At first, this rehabilitation aimed at bringing the ill and traumatised soldiers back to the battle field, later to professional work and only aimed much later to reintegrate them in the family and into society. At this point, social readaptation started to be altered according to what the rehabilitation therapists considered as being the individual´s adaptation to society.

In 1950, those former "Reconstruction Assistants", now Occupational Therapists, still had their professional identify attached to the medical model. Thus, with the advent of the use of drugs, those therapists were given the task of rehabilitating those persons who were resistant to biological or chemical treatment.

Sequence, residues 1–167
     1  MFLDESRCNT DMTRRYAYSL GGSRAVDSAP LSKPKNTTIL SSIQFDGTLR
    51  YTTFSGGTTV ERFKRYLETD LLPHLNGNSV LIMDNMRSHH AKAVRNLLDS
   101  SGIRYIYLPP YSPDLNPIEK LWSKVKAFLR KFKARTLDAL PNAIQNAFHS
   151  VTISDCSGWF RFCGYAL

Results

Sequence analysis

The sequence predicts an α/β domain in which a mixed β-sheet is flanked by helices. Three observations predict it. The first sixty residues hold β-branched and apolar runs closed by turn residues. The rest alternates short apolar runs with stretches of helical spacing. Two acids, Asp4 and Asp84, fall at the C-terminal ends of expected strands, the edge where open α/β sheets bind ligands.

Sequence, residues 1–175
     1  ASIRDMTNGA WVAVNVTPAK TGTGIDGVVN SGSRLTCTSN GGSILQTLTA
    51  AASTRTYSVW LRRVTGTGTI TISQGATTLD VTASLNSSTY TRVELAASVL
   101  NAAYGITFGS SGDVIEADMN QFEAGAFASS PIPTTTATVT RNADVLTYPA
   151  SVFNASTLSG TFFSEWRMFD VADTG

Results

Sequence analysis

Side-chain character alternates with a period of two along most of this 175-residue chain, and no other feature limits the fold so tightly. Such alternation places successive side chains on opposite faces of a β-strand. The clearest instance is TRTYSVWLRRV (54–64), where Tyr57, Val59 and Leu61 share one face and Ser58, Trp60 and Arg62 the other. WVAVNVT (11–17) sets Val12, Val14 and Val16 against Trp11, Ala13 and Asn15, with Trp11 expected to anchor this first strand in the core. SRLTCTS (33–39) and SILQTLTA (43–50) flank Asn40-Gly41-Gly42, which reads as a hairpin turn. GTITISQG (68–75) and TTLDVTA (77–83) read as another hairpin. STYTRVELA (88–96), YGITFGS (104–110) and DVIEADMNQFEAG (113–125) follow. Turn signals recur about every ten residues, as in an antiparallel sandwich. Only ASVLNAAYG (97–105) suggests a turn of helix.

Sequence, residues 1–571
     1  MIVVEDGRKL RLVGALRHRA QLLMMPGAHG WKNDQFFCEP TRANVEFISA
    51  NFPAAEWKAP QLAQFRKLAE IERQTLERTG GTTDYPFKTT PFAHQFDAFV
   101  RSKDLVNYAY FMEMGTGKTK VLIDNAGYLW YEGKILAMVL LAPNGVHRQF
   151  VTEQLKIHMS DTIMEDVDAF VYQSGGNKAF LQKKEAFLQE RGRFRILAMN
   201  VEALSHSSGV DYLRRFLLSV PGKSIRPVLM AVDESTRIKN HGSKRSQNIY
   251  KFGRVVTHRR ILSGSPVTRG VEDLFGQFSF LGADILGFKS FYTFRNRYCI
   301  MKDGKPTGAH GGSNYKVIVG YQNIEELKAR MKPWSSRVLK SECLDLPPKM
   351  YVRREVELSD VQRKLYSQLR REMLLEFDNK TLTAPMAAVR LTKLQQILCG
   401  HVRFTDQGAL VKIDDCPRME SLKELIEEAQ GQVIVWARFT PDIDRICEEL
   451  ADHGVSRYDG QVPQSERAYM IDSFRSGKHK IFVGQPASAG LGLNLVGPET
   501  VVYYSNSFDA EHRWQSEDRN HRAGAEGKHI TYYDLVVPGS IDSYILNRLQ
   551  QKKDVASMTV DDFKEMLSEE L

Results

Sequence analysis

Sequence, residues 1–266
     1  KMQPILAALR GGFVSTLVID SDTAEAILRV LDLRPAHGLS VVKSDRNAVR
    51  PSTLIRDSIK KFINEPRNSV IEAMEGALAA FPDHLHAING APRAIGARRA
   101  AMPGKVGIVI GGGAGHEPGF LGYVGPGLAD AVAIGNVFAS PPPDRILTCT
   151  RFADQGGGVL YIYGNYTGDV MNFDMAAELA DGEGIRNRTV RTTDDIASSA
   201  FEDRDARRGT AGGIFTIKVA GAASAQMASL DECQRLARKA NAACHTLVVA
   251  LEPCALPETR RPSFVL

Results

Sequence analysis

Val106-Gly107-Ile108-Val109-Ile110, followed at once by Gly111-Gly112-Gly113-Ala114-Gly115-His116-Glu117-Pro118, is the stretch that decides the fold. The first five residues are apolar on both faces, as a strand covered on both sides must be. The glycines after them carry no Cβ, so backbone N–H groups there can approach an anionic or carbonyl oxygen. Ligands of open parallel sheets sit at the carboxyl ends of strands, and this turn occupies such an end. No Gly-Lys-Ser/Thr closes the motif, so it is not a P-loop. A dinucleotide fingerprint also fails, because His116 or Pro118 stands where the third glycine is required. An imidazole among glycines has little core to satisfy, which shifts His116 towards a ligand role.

Occupational therapists did not experience this as an identity crisis at the time but accepted the new role because it represented an immediate answer for the need of the time. But the fact of work with chronic patients left its mark on Occupational Therapy for the next decades, as well as their being linked to the medical model of the times. The only sign of resistance to the medical-military rehabilitation model was to be found in the king femininity, that is, a motherly efficient attitude whose principles promoted life above all else. There were many reports of success of ill, handicapped and traumatised persons who benefited from the moral help of this kind of treatment.